The Law of God has a few purposes in the life of the believer. Here in the fifteenth question of the New City Catechism we find two of those purposes spelled out. First, we see the moral use of the law. God’s law spelled out in Scripture and written on our hearts restrains us from diving too deeply into sin. An example of this is the law requiring a certificate of divorce. When asked about this law, Jesus replies “Because of your hardness of heart he wrote you this commandment (Mark 10:4).” This law was meant to restrain the evil of divorce. And in its restraining nature, the law also reveals our need for a Savior. When we realize how much we have rejected God and His law, it leads us to the realization that we can never overcome our disobedience, and therefore must be saved by something outside of us rather than something inside of us. Second, we see the pedagogical use of the law or the teaching function of the law. The law of God teaches us about God and His nature. God’s laws are not some arbitrary list of rules, but an outline of how God created us to live and how to live in relationship with Him. The law teaches us how to truly love God and to relate with God. If it were not for the law we might love God in any way we choose thereby elevating our preferences above God. Therefore the Law of God teaches us about God and offers guidance into loving Him and living with others.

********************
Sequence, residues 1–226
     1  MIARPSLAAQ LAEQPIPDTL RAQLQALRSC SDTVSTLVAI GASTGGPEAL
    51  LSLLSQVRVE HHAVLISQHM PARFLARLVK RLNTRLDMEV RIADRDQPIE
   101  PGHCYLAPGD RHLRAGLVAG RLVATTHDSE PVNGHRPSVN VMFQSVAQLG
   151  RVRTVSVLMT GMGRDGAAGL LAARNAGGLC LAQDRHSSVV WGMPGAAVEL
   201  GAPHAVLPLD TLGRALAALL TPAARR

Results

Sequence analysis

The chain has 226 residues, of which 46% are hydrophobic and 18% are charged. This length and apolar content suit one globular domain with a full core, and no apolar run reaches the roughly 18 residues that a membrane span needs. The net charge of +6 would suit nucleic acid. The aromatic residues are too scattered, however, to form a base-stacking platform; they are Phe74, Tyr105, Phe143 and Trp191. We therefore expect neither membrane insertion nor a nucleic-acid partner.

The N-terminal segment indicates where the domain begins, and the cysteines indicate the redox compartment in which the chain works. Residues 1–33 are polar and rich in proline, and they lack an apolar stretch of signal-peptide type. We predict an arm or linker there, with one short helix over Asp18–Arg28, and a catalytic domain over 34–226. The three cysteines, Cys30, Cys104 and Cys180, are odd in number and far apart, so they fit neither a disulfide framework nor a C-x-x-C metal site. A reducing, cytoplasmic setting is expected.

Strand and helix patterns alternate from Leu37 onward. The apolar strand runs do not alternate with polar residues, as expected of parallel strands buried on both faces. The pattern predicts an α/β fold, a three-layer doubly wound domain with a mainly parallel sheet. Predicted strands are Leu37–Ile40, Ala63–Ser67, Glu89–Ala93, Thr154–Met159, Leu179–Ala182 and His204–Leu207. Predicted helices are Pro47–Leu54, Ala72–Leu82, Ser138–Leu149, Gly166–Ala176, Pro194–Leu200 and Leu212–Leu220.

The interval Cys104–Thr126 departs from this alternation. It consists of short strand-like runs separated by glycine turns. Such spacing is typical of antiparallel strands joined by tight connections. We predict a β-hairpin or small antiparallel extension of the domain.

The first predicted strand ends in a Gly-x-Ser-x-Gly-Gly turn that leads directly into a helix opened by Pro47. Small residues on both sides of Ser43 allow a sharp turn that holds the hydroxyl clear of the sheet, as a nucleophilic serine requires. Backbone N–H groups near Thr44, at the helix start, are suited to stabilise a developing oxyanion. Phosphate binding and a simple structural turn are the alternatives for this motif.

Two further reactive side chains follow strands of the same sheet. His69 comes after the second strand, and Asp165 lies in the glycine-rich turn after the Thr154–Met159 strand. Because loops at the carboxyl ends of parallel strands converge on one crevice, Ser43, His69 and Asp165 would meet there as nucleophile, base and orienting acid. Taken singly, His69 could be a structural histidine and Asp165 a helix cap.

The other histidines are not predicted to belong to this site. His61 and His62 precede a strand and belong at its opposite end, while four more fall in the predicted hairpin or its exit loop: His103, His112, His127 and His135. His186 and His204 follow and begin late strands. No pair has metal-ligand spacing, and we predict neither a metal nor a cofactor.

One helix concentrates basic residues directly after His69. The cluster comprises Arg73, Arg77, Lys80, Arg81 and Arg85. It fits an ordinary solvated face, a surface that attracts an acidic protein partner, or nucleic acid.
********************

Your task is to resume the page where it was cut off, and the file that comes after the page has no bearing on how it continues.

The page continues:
That we may know the holy nature and will of God, and the sinful nature and disobedience of our hearts; and thus our need of a Savior. The law also teaches and exhorts us to live a life worthy of our Savior.